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Potential North Charleston sinkhole causes truck to collapse bel - Live5News.com | Charleston, SC | News, Weather, Sports

Potential North Charleston sinkhole causes truck to collapse below ground

James McGrady says a sinkhole is what caused his truck to fall below ground (Source: Live 5) James McGrady says a sinkhole is what caused his truck to fall below ground (Source: Live 5)
NORTH CHARLESTON, SC (WCSC) -

A possible sinkhole on Sumner Avenue in North Charleston has one homeowner concerned about the safety of others in the area.

James McGrady and his family said they’ve been dealing with a sinkhole in their driveway for more than two-and-a-half months.

Friday night McGrady said he noticed the back left tire of his Chevrolet pickup truck had fallen in a hole.

"It wasn't quite that bad, but it's steady going down,” McGrady said Monday. “I guess it's about to bottom out. But like I said, at the back of the truck there's no dirt, so once it breaks through the asphalt it's going to keep going down."

McGrady believes the issue stemmed from the hole underneath a steel plate roughly three feet away from where his truck was parked.

He said workers for SCDOT tried to fix the situation when it first started.

"You could look in the hole and it was a gigantic opening underneath the hole,” he said. “My daughter stepped in it and said there's a big hole in your driveway. I couldn't believe the size of the dirt that was gone. So they came in, busted it out, and filled it rocks. And then the next day the rock is gone and the hole is back."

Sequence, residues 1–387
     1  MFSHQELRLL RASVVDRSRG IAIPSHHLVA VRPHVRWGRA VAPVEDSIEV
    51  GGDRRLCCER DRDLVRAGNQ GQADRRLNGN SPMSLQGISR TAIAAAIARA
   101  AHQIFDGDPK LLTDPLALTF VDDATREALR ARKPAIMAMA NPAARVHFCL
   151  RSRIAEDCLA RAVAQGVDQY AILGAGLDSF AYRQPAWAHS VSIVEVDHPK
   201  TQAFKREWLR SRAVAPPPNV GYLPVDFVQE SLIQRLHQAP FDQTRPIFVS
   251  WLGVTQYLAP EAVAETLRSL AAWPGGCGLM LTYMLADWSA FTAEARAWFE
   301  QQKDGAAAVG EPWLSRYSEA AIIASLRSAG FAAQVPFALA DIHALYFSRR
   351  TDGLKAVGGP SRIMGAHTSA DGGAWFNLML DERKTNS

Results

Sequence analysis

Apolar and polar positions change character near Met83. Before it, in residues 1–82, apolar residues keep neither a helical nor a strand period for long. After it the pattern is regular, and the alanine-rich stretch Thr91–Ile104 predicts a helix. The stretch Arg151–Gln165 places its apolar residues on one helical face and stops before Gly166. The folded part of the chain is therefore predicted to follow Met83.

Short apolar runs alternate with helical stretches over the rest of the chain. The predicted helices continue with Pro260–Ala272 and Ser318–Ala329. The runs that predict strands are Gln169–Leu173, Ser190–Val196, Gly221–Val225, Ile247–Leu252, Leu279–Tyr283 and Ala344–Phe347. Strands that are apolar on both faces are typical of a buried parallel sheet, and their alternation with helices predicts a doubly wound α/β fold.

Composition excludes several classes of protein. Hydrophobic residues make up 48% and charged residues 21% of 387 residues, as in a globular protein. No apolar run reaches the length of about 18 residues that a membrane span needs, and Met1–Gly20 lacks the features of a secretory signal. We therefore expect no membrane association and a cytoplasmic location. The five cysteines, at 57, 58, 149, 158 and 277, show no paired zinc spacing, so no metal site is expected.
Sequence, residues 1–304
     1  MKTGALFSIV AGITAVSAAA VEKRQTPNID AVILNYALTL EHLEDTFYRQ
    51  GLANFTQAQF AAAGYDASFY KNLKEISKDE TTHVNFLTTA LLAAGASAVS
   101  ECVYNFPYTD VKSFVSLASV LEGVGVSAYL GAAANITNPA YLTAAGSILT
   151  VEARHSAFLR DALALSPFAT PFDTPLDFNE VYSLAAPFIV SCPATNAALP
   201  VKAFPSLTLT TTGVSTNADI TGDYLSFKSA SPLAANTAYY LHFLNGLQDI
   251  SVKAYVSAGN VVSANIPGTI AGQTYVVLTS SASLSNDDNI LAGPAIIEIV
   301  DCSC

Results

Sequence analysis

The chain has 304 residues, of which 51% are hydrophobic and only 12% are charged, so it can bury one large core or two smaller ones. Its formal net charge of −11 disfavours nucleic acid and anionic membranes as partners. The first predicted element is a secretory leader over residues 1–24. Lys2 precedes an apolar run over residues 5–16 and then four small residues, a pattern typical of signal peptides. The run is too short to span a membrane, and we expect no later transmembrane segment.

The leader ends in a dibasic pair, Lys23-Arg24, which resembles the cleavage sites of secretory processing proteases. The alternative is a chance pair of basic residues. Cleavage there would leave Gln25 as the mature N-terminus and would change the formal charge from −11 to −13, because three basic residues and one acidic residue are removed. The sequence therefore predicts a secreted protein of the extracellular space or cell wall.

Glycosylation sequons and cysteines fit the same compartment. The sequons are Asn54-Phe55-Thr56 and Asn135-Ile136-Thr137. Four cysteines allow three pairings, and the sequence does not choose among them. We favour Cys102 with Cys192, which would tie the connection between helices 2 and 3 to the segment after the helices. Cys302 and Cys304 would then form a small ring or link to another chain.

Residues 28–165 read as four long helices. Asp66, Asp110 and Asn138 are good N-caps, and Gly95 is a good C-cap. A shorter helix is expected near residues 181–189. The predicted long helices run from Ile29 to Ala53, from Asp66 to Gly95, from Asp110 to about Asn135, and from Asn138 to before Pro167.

McGrady said while these holes have been a constant issue for him and his family, he's also worried about students and the elderly who get picked up in this area.

"It's the high school, middle school and the young kids all pick up right here and the elderly bus picks up right here,” he said. “My mother-in-law lives with us, she's 80, they pick her up right here. If that wash out gets out under that road..."

Monday afternoon workers with the North Charleston Sewer District stopped by to look at the situation.

They were told this is a DOT issue, and weren’t able to fix the situation, but agreed something need to be done.

"It's a bigger problem than they think," McGrady said.

Kirk Richards, the Assistant District Maintenance Engineer for DOT, said Monday afternoon they were working to send someone out there to “re-review” the situation and figure out what the next steps will be.

As of 4:30 p.m. Monday, the hole which McGrady’s truck has sunk into, was filled with sand and rocks.

McGrady’s wife called it a “band-aid” solution to the real problem

McGrady added that DOT would be sending out workers on October 23 to use a camera to figure out what is creating these holes in the driveway.

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